3. Thanks Sonicboy. I always appreciate your depth of knowledge on everything Madonna. And thank you for sharing your knowledge of your Acadian roots, history and culture. I romanticize les Acadiens for their vibrant culture. I am an envious (‘boring’) Anglo-Canadian… with 1/8 Italian DNA, and can speak French at least! 🙂

    I didn’t know about the cousin in Montreal and haven’t seen those letters you mentioned. I wonder if Christopher spent time with her, since he worked for a year with a Montreal dance company before joining Madonna as backup dancer. Christopher mentioned in his book that Madonna wasn’t close to one of her grandmothers (said she was nasty and didn’t visit her, unlike how Christopher felt about that grandmother). I thought that was the French-Canadian maternal grandmother, but I could be wrong.

    Yes, I agree, if Madonna could only have been exposed to her Acadian roots and culture, she would have embraced it as she does Portugese culture, with musical family & friends informally jamming in the kitchen / bar. It’s a shame she lost her maternal connection so young, but then if she hadn’t, she might not have turned out to be the extraordinary, powerful, disciplined, fearless, ageless, rebellious, sensitive, and creative woman she is today.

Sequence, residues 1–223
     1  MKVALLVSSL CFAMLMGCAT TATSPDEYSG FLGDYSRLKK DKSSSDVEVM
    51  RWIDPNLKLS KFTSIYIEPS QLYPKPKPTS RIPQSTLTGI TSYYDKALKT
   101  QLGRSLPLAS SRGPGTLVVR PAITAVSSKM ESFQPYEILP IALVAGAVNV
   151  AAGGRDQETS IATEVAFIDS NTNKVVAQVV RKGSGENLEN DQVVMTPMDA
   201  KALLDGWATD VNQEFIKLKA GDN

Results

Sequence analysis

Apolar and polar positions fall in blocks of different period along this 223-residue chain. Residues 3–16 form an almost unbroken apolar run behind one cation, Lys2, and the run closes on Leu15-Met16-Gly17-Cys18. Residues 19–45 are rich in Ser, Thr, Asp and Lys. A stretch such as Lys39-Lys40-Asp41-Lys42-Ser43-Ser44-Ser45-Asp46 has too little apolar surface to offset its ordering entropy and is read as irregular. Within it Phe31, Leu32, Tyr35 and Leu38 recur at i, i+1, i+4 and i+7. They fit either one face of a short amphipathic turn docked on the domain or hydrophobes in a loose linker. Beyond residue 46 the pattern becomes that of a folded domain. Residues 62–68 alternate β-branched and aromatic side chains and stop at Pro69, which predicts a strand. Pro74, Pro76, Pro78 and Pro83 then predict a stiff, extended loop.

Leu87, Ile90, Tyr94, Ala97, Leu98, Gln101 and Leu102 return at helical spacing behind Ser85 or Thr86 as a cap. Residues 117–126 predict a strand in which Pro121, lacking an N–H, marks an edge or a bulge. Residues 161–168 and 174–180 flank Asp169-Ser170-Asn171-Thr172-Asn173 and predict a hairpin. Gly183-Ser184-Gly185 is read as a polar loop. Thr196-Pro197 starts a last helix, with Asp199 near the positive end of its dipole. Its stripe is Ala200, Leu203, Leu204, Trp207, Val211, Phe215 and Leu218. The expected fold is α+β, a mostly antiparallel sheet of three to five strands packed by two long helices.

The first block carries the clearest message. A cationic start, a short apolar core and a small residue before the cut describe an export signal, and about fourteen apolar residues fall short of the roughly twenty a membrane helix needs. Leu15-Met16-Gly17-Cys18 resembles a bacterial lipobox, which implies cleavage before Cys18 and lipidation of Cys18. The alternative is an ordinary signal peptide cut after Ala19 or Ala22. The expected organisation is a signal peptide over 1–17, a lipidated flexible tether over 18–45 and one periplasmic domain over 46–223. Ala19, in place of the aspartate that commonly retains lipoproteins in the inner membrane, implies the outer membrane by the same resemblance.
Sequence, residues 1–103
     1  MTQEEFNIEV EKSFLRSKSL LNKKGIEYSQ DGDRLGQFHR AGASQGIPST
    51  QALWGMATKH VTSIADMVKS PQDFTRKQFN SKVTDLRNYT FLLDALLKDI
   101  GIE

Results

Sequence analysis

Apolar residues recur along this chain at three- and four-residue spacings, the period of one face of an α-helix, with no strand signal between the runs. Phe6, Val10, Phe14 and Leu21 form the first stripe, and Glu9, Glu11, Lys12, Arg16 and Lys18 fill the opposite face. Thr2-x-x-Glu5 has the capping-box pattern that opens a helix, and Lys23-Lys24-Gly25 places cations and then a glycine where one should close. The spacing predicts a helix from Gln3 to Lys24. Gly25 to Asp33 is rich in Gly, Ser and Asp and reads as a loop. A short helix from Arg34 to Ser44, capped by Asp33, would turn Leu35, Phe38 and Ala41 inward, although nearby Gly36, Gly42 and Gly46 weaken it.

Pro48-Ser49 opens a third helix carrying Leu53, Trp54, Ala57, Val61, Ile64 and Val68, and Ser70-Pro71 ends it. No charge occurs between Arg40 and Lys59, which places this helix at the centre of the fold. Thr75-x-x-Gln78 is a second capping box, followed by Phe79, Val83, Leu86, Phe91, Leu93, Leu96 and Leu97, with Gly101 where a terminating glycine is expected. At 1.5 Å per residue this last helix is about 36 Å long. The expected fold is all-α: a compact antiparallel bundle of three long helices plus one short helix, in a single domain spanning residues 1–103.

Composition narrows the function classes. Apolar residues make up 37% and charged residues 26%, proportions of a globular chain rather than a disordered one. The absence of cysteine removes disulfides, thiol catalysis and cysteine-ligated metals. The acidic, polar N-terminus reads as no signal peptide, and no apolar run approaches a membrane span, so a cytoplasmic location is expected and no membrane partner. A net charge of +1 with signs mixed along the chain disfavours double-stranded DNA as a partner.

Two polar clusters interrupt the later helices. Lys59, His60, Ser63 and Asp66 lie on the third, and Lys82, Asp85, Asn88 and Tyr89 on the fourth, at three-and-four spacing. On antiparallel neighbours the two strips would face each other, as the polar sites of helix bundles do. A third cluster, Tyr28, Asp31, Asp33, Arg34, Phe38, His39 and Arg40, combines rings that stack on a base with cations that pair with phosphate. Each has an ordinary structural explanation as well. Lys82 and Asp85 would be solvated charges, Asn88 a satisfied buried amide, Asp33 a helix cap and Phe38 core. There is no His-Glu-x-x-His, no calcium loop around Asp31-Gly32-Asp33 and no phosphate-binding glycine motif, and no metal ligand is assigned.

And I can’t disagree with Madonna’s quips about boring Canadians. I often find myself echoing her sentiments as I observe the lack of vivacity, creativity and colour in so many of my fellow citizens. Yes, there are a lot of ‘boring’ Canadians! If only there were more Madonna fans everywhere.

  4. Thank you Madonna Lova! 🙂

    It was actually her paternal grandparents that Madonna was less close to. Her maternal grandfather died in 1959 and her grandmother Elsie never remarried, so the family would spend a lot of time with her in Bay City. As you may know, this why Madonna was born in Bay City; they were visiting Elsie when Madonna Sr. went into labor. Madonna would often stay with Elsie in Bay City for extended periods during summer break and on holidays.

    A great overview about Madonna’s relationship with Elsie and the time she spent in Bay City can be found here: https://michiganrockandrolllegends.com/mi-rock-a-roll-hall-of-fame/187-michigan-links